Why Seasonal Prediction of California Winter Precipitation Is Challenging

Why Seasonal Prediction of California Winter Precipitation Is Challenging

Due to the recurrent and severe drought conditions, there is an urgent demand for reliable seasonal prediction of precipitation in California. Being the nation’s most populous state and one that plays a crucial role in the U.S. economy, including agriculture and food supplies, accurate prediction of CA precipitation several months ahead becomes exceptionally important for disaster preparation and mitigation as well as for drought and water restriction policy-making purposes. However, predictive skill for CA winter precipitation remains limited, and relies heavily on tropical sea surface temperature (SST) anomalies, such as the El Niño–Southern Oscillation (ENSO).

In a new Bulletin of the American Meteorological Society, authors Xianan Jiang, Duane Waliser, Peter Gibson, Gang Chen, and Weina Guan analyzed long-term hindcasts from multiple atmosphere–ocean coupled models to examine the underlying processes that limit seasonal prediction skill for CA winter precipitation. From this research it was found that only about 25% of interannual variability of CA winter precipitation can be attributed to influences by ENSO. Instead, the year-to-year CA winter precipitation variability is primarily due to circulation anomalies independent from ENSO, featuring a circulation center over the west coast United States as a portion of a short Rossby wave train pattern over the North Pacific. Analyses suggest that dynamical models show nearly no skill in predicting these ENSO-independent circulation anomalies, thus leading to limited predictive skill for CA winter precipitation.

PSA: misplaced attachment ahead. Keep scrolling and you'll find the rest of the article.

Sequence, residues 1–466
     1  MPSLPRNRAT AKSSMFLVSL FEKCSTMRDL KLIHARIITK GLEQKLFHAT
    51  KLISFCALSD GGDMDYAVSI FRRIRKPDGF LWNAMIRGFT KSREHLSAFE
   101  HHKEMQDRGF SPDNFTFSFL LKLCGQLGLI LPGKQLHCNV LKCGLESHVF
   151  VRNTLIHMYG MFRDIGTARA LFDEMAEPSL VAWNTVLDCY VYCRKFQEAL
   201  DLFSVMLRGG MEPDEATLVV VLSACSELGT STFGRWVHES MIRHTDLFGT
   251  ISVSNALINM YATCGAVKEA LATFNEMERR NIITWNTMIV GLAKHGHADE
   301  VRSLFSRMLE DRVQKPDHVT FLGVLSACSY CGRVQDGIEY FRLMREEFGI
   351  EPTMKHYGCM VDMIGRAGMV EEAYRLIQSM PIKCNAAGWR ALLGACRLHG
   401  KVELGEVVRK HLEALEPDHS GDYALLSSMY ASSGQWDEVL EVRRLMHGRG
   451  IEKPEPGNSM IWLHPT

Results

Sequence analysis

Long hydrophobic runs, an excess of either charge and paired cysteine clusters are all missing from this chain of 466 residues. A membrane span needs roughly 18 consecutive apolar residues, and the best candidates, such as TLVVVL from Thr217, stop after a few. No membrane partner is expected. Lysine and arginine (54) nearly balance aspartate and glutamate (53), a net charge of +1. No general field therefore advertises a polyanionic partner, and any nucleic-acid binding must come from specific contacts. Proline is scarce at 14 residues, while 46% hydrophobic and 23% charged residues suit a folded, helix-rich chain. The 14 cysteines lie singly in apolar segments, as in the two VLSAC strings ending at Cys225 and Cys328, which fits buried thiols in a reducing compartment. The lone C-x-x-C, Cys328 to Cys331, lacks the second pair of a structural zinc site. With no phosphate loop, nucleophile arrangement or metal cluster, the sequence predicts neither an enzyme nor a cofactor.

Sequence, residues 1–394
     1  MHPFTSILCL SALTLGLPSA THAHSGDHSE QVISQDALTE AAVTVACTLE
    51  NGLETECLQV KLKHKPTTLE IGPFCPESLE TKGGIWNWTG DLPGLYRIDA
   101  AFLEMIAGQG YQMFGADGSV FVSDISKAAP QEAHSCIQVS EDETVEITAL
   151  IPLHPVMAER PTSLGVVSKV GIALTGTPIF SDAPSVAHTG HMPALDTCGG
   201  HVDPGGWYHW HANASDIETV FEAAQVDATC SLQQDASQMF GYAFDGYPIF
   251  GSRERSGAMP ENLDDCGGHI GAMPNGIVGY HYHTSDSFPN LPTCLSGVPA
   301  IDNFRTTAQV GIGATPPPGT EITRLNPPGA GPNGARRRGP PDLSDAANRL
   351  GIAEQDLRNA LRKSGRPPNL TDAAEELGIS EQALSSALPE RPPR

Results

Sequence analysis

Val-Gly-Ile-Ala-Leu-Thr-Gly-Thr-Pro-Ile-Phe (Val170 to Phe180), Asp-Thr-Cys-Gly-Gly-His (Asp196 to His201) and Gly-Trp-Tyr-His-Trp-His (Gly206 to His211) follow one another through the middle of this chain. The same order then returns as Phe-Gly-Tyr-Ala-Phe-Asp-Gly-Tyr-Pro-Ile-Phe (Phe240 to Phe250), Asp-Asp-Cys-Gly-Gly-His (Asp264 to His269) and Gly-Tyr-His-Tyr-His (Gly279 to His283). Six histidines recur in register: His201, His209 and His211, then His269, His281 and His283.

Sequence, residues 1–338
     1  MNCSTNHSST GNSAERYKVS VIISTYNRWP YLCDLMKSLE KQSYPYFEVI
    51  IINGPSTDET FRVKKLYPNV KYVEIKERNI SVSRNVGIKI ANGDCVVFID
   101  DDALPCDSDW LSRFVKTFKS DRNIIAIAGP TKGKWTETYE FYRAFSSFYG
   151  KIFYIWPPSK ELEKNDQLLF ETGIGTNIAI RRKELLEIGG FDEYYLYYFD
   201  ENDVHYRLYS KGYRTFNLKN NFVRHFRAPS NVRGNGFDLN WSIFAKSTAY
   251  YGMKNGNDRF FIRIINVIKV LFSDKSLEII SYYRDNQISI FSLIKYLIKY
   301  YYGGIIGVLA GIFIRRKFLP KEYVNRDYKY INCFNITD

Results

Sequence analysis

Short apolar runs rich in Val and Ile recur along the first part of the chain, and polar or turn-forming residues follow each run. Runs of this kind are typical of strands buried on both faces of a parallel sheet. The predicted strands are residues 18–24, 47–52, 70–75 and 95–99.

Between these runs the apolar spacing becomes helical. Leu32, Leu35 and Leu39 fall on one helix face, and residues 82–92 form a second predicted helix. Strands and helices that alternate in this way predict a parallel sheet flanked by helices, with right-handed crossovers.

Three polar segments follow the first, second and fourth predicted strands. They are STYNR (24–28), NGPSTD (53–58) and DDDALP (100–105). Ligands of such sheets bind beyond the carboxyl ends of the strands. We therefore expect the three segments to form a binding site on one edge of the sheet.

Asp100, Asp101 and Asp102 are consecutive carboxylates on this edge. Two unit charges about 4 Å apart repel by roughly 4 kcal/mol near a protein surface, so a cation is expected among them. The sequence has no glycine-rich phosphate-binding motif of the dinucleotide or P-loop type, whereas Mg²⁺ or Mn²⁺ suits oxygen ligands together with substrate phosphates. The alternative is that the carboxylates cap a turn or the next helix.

This study indicates that significantly improved prediction of the circulation anomalies over the west coast United States that are independent from the ENSO will be critical for any major breakthrough in predicting CA precipitation.The authors also note that chances may exist for improvement of CA precipitation prediction with possible missing predictability sources in the climate forecast models.

Funding for this project was provided in part by CPO’s CVP program.

Read the full paper »

For more information, contact Courtney Byrd.




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